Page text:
Good Morning,

Bullion trading went into slow-motion replay mode overnight as players chose to sit on the sidelines rather than take on positions ahead of the Fed communique. Confined to a 1% range, gold meandered between $883 and $891 as little action in crude oil or the dollar echoed the same wait-and-see attitude among participants. Hopefully, the Fed statement will be a lot less equivocal than what was said by Mr. Trichet today, over in Euroland.

In one of the more oblique and riddling jawboning sessions in recent memory, the head of the ECB said that we [the ECB] could increase rates by a small amount in order to secure a solid anchoring of inflation expectations. I didn't say that we could envisage a series of increases. That being said, of course we never pre-commit.'' Got that? The statement was so...clear that some analysts reminded us that the last time the ECB did not 'envisage' a series of increases (three years ago) they went on a rate hike binge of eight adjustments. For today however, the cryptic words of Mr.T did not help the euro.

The mid-week session in New York had gold opening on the downside by a small amount. Bullion was quoted at $885.80 down $3,60 as the trade awaited new home sales and durable goods orders numbers in the pipeline. Speaking of which, oil was very quiet, hovering just under $137 ahead of US inventory data (expected to show a decline). Ditto, the dollar which held just above 73.15 on the index. Silver puzzled players this morning, advancing 6 cents to $16.71 while platinum fell $11 to $2001 and palladium lost $5 to $459 per ounce. Update: Durable goods orders came in unchanged, but were better than consensus expectations.

Fuzzy or not, the ECB head's words still point to a rate increase in July. Fuzzy or not, today's Fed communique will likely mark a shift in policy and underscore that the period of easy money that began in September has drawn to a close and that a reversal in direction is coming. It is a question of when. The Fed might not be blunt about the change in focus, as too strong a tone would upset fragile markets. Bloomberg's Steve Matthews dissects the subtext of what we might hear later today:

Chairman Ben S. Bernanke and his colleagues are laying the groundwork for a policy shift after oil prices doubled in the past year and inflation exceeded 4 percent. At the same time, they may be reluctant to go too far because the economy has yet to shake off the credit crunch and bank losses are deepening. The Federal Open Market Committee will leave the benchmark interest rate at 2 percent today, ending the fastest series of reductions in two decades, according to all 102 economists surveyed by Bloomberg News.

``They are going to lean a bit more to inflation risks than growth risks, and may provide a hint they could hike rates down the road,'' said Ethan Harris, chief U.S. economist at Lehman Brothers Holdings Inc. in New York. ``They will signal their concern in a subtle way, not explicitly. They don't want to have a statement that would tie their hands.''

Bernanke in a June 9 speech said that risks of a ``substantial downturn'' in the economy had diminished. He also flagged concerns about consumer prices, and warned that the Fed will ``strongly resist'' a leap in inflation expectations. In the statement after their April 29-30 meeting, policy makers predicted inflation would ``moderate in coming quarters'' with a ``leveling out'' of commodity prices. Since then, gasoline prices have surged 13 percent to a record, and consumer expectations for average inflation over the next five years reached the highest since 1995.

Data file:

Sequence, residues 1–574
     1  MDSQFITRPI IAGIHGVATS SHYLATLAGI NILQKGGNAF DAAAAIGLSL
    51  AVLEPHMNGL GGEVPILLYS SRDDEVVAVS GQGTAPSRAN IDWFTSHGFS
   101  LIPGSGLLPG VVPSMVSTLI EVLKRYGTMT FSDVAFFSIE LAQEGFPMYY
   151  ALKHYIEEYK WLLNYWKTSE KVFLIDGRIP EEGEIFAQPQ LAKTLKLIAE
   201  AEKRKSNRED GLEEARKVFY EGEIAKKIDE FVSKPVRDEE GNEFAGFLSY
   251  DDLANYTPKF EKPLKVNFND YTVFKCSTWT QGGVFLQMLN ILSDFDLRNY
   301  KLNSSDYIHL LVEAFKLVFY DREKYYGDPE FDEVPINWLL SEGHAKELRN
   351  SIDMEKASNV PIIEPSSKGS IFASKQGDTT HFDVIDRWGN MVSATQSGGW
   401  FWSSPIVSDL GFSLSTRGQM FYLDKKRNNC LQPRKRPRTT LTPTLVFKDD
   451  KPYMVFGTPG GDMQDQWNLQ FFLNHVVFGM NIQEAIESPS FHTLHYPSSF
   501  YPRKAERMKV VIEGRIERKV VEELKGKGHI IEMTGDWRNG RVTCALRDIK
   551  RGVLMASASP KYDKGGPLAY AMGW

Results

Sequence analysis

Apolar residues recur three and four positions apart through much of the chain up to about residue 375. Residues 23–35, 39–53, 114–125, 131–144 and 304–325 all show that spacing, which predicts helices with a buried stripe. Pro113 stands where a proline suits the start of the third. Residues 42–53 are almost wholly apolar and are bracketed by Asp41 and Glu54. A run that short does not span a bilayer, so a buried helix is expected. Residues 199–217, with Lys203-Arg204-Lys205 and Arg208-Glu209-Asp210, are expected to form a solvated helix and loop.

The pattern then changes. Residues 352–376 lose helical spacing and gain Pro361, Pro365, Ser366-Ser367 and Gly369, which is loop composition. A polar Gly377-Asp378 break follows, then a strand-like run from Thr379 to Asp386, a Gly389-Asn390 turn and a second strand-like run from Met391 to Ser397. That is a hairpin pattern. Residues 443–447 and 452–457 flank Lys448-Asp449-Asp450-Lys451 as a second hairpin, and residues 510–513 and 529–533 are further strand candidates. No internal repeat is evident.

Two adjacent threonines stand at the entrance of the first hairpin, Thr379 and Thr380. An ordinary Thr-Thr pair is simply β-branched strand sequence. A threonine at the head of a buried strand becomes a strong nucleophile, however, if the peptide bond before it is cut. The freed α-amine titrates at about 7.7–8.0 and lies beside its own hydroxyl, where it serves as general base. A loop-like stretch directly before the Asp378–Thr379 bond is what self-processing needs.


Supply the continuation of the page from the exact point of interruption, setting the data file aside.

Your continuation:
Bernanke's warning this month spurred traders to bet on a rate rise. There are 33 percent odds of a boost in August and 88 percent in September, according to contracts quoted on the Chicago Board of Trade.

In its April 30 statement, the FOMC avoided specifying whether weaker growth or faster inflation was the greater concern. In their paragraph telegraphing policy priorities, officials may reiterate they will ``act as needed'' to promote both economic expansion and stable prices, Fed watchers said.

``It's a delicate balancing act -- don't look for a signal of a strong inclination for raising rates,'' said Michael Feroli, a former Fed researcher who is now an economist at JPMorgan Chase & Co. in New York. One way of strengthening the message on inflation would be to echo the emphasis that Bernanke, Vice Chairman Donald Kohn and other officials have placed this month on keeping inflation expectations in check. In its last statement, the FOMC said it was important to monitor price developments ``carefully.''

``They might emphasize their concern with inflation expectations, saying that it will be necessary to continue to monitor inflation developments, and particularly inflation expectations, carefully,'' said former Fed governor Lyle Gramley, who is now senior economic adviser Washington for Stanford Group Co., a wealth-management firm.

Gold needs to hold on to the $880 mark at the moment, lest it should dip back towards the $850/$860 area. Some post- Fed pressure on the yellow metal and gains in the dollar are the consensus expectations among speculators this morning. The bigger picture is what matters, however. While short-term prospects are still good, the more remote horizon holds some questions and/or adjustments in store for gold. At least according to BNP Paribas SA which said today that a stronger dollar would probably mean a weaker gold price in the next several months. ``Gold should trade within a $750-950 range over the next six months, before it weakens significantly in 2009,'' the bank said in a report. Gold will trade at about $700 in 2009 and the first half of 2010, according to the bank.

Happy Trading.